Brain tumour is defined as a growth of cells in the brain or near it. They may be cancerous or not and the symptoms of the disease often depends on the location of the tumour. Cancerous brain tumours tend to progress faster than non-cancerous ones that usually witness a slow growth. (Also read | World Brain Tumour Day 2024: Date, theme, history, significance and all you want to know)

World Brain Tumour Day 2024: Here are surprising reasons of brain tumour that people may overlook(Freepik)

While headache is one of the most common symptoms of brain tumour and is present in almost half of the person who have the disease, other symptoms may include seizures, weakness or numbness in hands or legs, imbalance while walking, hearing loss, change in behaviour, double vision, memory loss or headaches. Depending on the location of the tumours symptoms may vary. Some of them can be very unexpected and people may not connect them with brain tumour.

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Menstrual abnormalities, abnormal behaviour, weakness in limbs, hearing problems, drunken gait, infertility can all relate to brain tumour but may be diagnosed late. On the occasion of World Brain Tumour Day 2024 (June 8), Dr Rahul Gupta, Director. Neurosurgery, Fortis Hospital, Noida shares surprising signs of brain tumour that people may usually ignore.


1. Abnormal behaviour: Patient may become silent, non-cooperative, disinterested in surroundings, agitated or confused. They may visit a psychiatrist or physician who may start medication without doing any radiological investigation. Such patients may improve temporarily but then rapidly deteriorate. Such patients usually have tumours in frontal lobes.

2. Peripheral vision loss: Due to pressure on the optic pathway, there can be different types of vision loss. Partial vision loss can be ignored or misdiagnosed by patient as well as eye surgeon. Many patients lose vision before they do a brain MRI. One common example is pituitary tumour.

3. Hormonal disturbances: Patients with menstrual abnormalities, infertility, galatorrhoea, stunted growth, thyroid-related problems, gigantisism, etc due to hormone imbalance keep visiting physicians, Gynaecologist or endocrinologist may not think about brain tumour as a possibility. Delay in treatment makes excision of tumour difficult and risky.

4. Drunkard gait: Some patients with tumour on the back side of the brain or increased pressure of brain fluid may have an imbalance while walking and it may appear that they have consumed alcohol.

5. Hearing problems: Some patients prefer to attend phone calls from one ear only. They are not aware of gradual reduction in hearing on one side. Tumours arising from eighth cranial nerve can lead to hearing loss in one ear.

6. Sudden severe headache: Some patients develop haemorrhages in pre-existing brain tumours and come to the emergency in an unconscious state. It may be difficult to differentiate between a tumour haemorrhage versus hypertensive bleed.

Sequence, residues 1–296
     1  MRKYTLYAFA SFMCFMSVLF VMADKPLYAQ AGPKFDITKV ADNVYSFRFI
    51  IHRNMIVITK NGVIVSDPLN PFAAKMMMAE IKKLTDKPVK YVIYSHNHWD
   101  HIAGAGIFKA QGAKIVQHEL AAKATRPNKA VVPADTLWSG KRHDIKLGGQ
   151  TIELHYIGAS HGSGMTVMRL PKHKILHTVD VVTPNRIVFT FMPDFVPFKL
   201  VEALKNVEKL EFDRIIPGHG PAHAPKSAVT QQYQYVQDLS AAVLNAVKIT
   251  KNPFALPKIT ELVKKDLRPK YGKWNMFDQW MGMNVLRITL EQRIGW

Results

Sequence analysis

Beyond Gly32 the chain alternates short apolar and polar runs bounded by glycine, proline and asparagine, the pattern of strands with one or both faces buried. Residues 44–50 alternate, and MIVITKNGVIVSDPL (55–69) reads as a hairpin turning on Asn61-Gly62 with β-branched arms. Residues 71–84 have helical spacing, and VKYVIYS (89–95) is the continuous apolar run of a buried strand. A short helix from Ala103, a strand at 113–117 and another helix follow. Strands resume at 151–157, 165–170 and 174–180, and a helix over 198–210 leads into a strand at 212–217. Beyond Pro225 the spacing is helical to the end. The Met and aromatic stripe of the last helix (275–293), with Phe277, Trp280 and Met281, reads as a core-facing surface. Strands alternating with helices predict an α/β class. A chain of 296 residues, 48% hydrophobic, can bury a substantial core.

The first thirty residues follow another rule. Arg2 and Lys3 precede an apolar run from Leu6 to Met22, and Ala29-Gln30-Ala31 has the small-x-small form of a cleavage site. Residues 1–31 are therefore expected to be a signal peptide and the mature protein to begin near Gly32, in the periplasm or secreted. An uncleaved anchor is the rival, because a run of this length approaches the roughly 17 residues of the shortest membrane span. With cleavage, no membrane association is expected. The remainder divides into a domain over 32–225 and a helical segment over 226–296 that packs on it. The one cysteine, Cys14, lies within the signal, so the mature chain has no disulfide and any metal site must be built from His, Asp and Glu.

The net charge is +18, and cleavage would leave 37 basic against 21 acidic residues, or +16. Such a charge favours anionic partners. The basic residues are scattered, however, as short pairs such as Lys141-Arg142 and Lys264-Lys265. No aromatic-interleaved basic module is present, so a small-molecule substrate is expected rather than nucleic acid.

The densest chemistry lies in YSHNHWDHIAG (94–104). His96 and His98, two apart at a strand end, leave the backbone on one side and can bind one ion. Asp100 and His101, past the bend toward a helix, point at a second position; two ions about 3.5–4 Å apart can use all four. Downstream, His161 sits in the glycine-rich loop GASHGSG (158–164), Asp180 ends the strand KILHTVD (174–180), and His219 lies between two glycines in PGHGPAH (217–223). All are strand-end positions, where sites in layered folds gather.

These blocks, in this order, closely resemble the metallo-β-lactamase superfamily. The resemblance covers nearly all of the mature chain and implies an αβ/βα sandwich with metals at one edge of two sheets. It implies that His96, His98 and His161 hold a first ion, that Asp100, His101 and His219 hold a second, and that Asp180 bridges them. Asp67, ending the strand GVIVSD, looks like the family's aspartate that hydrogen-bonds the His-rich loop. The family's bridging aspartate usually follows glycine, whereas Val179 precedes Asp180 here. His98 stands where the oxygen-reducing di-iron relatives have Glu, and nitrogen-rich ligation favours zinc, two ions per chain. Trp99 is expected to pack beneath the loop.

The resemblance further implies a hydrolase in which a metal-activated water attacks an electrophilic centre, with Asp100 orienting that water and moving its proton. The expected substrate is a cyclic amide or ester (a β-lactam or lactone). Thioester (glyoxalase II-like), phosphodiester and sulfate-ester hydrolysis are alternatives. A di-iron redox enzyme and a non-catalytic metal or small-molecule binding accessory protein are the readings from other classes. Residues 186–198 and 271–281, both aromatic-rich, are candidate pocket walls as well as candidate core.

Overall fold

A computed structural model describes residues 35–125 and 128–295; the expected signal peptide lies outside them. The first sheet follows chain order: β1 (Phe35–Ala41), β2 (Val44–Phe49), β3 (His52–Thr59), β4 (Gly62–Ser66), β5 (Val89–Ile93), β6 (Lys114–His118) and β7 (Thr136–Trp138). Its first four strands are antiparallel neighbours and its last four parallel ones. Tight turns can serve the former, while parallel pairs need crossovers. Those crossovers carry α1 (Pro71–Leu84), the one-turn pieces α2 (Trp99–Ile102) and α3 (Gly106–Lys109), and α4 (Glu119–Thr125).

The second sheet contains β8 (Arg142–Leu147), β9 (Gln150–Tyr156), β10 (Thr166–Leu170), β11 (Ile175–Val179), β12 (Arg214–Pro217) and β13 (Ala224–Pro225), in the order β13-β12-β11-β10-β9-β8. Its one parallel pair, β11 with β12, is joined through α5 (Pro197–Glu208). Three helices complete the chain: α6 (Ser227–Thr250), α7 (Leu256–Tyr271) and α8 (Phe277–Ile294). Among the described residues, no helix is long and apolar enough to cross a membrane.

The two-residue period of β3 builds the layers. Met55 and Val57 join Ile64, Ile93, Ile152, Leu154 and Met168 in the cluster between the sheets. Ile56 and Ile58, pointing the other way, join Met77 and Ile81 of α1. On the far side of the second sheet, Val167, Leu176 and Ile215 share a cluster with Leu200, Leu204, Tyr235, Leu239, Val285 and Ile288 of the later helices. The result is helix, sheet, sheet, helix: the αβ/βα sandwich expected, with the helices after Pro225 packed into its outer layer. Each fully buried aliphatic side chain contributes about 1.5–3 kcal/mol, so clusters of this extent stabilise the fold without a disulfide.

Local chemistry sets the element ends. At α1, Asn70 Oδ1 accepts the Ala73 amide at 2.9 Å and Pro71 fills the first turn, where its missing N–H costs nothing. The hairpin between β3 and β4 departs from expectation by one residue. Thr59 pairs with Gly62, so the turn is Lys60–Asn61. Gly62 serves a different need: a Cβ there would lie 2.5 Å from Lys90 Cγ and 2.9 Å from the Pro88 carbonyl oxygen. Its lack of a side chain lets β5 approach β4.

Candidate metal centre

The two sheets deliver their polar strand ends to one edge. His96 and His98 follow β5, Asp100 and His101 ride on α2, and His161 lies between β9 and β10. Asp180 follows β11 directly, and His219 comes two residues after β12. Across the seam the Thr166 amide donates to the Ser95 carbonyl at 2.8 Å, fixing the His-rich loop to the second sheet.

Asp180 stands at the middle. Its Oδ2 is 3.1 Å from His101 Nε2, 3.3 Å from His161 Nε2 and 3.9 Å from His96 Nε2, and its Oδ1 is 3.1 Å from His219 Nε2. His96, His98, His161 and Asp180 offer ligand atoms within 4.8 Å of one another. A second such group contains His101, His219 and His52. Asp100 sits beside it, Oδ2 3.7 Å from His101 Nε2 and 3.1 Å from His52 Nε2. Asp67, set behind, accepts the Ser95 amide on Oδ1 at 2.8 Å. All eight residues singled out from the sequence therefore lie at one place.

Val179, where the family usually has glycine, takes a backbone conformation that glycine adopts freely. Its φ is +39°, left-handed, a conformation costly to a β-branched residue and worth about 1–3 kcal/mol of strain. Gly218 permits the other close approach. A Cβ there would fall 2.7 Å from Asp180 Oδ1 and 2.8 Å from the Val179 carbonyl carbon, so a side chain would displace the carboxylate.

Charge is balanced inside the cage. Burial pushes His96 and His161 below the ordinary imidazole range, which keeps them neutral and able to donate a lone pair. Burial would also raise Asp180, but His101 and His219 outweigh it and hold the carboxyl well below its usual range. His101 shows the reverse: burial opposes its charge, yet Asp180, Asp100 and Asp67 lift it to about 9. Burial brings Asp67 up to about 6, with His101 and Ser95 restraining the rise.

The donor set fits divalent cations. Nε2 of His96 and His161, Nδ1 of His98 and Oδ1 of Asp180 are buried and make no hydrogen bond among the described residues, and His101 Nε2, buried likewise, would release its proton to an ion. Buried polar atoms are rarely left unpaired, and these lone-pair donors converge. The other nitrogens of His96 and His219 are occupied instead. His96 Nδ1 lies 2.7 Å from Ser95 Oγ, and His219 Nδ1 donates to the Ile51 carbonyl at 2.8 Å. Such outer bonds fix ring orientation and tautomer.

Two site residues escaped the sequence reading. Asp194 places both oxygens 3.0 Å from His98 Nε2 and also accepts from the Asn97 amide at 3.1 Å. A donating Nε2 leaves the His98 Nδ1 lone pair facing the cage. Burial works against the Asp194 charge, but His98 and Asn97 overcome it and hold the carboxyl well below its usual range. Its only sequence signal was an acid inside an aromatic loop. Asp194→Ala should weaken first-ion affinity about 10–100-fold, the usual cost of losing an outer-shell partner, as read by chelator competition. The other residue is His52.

“Symptoms produced by brain tumors are typically subacute and progressive, developing over days to weeks. However, because initial symptoms are often subtle, delayed recognition can make their eventual appearance seem acute. Unfortunately even a seemingly normal neurological examination cannot completely rule out the presence of an underlying brain tumour,” says Dr. Bharath Kumar Surisett, Consultant Neuro Physician and Movement Disorder Specialist, Yashoda Hospitals Hyderabad.

Dr Kumar adds to the list other lesser-known signs of a brain tumour that people often overlook:

7. Weakness in limbs: The frontal lobe is a common location for both primary and metastatic brain tumors, which frequently cause motor weakness in the contralateral face or limbs.

8. Language problems: Tumours involving the inferior frontal or superior temporal lobes of the dominant hemisphere frequently present with language difficulty.

9. Visual problems: Brain tumours can cause a number of different visual symptoms depending on which portions of the visual pathway they involve like monocular visual symptoms ranging from scotoma to monocular blindness, visual fied defects, and double vision.

10. Seizures. They are a common brain tumour manifestation that can occur at initial presentation or anytime over the subsequent course of the disease. New onset or increasing frequency or severity of seizures can be a sign of underlying tumour progression and should prompt re-evaluation.

11. Nausea and vomiting: Nausea and vomiting can be generalized signs of increased intracranial pressure in patients with brain tumours, and are most common in tumours of the posterior fossa.

12. Syncope: Brain tumour patients can experience syncope or transient loss of consciousness and tone for a variety of reasons. Changes in position can trigger pressure waves and syncope in patients with elevated intracranial pressure. Syncope may also result from tumour involvement or compression of the brainstem.